In the 19th century discovering gold was a way out of poverty. From the 1860s gold rush followed gold rush, and thousands flocked to the fields. But the work was harsh, with days spent digging in cold creek beds. Only a lucky few found riches in the rock. However, the collective value of the gold that was discovered kick-started the young colony’s economy. Gold was the making of early New Zealand.
Explore stamper batteries and other mining relics; Visit Hot Water Beach; Prospect and pan for gold; Appreciate the hardships of the early gold-miners; Compare environmental management now and in the early days of NZ mining; Visit open cast and/or underground mines.
Curriculum and assessment:
Planet Earth and Beyond, Material World
AS 90952, AS 91162: AS 90932
The first recorded discovery of gold in New Zealand was by Charles Ring, a Tasmanian who found a small amount at Driving Creek near the town of Coromandel in 1852. Some years later there were more discoveries around Golden Bay and Marlborough, Otago and on the West Coast. Some finds amounted to nothing, but others led to huge gold rushes.
Gold is found as very small flecks in the quartz veins of hard rocks. The gold can be mined from the rocks through tunnelling, but it is difficult. Machines called stamper batteries were used to crush the rock, and the chemical cyanide helped to separate out the gold.
Alluvial gold comes from the rocks once they have been worn down to sand and gravel over many thousands of years by rivers or glaciers. The gold lies in the gravel of river beds and can be sifted by hand using a pan, sluiced, dredged, or dug up with machines.
Choice of activities
- Explore stamper batteries and other mining relics (Karangahake Gorge, Broken Hills)
- Explore an underground mine (Karangahake Gorge, Thames)
- Visit Hot Water Beach
- Prospect and pan for gold. Thames
- Visit a working stamper battery (Thames)
- Appreciate the hardships of the early gold-miners
- Compare environmental management now and in the early days of NZ mining
- Visit open cast mine (Waihi)
Curriculum and assessment:
Learning area strand:
Material and Physical Worlds
: Relating to others, thinking
Planet Earth & Beyond AS 90952
Demonstrate understanding of the formation of surface features in New Zealand.
Demonstrate understanding of the chemistry in a technological application.
2020 Prices from
Number of Students
Cost per head
- Research, planning, bookings and organisation
- Activities as specified in ininerary
- Letter to parents
- RAMS form
- Gear list
- A master copy of worksheets
- Use of specialized equipment
- Saving you a great deal of time and hassle
- Transport (bus, to and from school). Ask us to quote if you don’t have access to your own.
- Class set of worksheets – it’s more cost effective for you to copy these at school.
Make a booking Contact us
Q1. Why do teachers choose to tour with Learning Journeys?
Using an outside provider like Learning Journeys allows you to avoid stress and save time to focus on the core demands of teaching and have more time with your family and friends.
- Trips are well tried and tested and our local knowledge, New Zealand-wide, is extensive. • We’ll facilitate your trip as well as planning, recce-ing AND booking it (including transport, food and accommodation). Have as much or as little input as you want.
- Our facilitators are secondary geography or science teachers with years of classroom as well as EOTC experience.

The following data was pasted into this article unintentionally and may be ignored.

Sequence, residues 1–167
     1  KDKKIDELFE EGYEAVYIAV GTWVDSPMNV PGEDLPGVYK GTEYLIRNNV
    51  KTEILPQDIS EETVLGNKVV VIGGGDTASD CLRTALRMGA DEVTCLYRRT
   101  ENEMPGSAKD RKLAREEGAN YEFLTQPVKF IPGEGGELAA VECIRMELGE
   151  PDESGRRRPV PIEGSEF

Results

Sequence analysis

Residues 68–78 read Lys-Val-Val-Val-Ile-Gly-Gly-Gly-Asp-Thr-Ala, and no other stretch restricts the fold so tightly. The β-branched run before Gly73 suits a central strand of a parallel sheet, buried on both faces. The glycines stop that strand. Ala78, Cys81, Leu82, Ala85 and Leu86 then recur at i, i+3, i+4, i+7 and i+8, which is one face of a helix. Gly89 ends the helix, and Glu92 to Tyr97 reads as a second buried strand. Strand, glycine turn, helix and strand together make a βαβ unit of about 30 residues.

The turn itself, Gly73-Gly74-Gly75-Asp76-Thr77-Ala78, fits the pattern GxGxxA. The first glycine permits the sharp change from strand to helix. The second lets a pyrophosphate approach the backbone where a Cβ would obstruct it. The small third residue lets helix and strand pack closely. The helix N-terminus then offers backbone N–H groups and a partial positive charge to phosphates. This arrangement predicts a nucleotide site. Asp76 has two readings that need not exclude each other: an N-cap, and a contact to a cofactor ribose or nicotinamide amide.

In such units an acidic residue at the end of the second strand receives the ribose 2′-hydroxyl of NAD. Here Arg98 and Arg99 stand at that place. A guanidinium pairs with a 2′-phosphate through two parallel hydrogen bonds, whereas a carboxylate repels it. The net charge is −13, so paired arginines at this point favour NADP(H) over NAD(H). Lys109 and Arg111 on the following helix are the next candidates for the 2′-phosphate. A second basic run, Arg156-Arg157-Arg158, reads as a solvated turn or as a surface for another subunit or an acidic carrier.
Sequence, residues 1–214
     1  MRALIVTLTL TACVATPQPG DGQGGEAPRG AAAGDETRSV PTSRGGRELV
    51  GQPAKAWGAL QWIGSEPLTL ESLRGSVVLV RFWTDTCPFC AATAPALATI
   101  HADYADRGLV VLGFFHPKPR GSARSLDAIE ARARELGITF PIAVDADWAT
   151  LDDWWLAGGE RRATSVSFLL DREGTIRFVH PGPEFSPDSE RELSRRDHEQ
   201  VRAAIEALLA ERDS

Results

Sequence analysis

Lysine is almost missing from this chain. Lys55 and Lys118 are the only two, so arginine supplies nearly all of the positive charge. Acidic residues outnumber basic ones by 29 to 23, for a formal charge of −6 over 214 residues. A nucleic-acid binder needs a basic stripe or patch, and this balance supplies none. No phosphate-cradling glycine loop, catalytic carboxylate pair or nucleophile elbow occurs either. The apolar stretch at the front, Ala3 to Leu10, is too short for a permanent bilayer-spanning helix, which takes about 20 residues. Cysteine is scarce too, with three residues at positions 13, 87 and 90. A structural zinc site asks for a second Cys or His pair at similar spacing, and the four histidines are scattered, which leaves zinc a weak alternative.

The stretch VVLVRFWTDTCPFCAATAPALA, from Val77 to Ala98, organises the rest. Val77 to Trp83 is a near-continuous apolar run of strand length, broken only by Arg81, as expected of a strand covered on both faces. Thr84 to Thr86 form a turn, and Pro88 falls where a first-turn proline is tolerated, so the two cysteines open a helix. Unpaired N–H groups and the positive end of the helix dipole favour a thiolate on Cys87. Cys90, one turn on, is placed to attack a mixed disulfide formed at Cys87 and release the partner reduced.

- Trips are curriculum linked and can include NCEA assessment tasks.
- RAMS forms, parents letters, gear lists and worksheets developed and provided for you.
- We’re Qualmarked (Tourism New Zealand has checked us out as a safe, professional, company) and Dept. of Conservation approved.
Q2. Does it cost more for Learning Journeys to organise and run my school's science and geography trips?
Yes it does cost a little more per student. However, you need to factor in the time you'll save by using Learning Journeys. You will also save the cost of relief for staff who would otherwise have come from your school, since Learning Journeys will provide one or more facilitators who will contribute to staff-student ratios.
Q3. What about risk management?
Safety is always paramount in our trip planning and delivery. We are acutely aware of the responsibility of being entrusted with other people’s children. We will provide you with RAMS forms for all activities included in your programme.
Our Health and Safety Plan deals with every aspect of our operations and training. Hazard identification is carried out for every new activity and a RAMS (Risk Analysis and Management System) form is prepared. This process has been audited both by a Department of Conservation approved Safety Auditor and as part of our Qualmark® accreditation
Our teacher-facilitators are trained in safe practice and all have First Aid qualifications. The suppliers we use are fully qualified and experienced in their specialist areas and where available we choose to work with Qualmarked® operators. Their sound safety records are further guaranteed by the Qualmark®, accreditation process.
Qualmark® is New Zealand tourism's official mark of quality. All accommodation and tourism businesses carrying the Qualmark® have been independently assessed as professional and trustworthy, so you can book and buy with confidence.
Q4. Who are your facilitators?
Our trips are managed and facilitated by qualified science or social science secondary teachers with classroom experience as well as many years’ experience in the field.
Q5. How long have you been running field trips for New Zealand secondary students?
Since 2001. Our oldest client did 12 consecutive yearly 3 day trips to Goat Island and Tiritiri Matangi Island. Most other schools repeat trips year after year.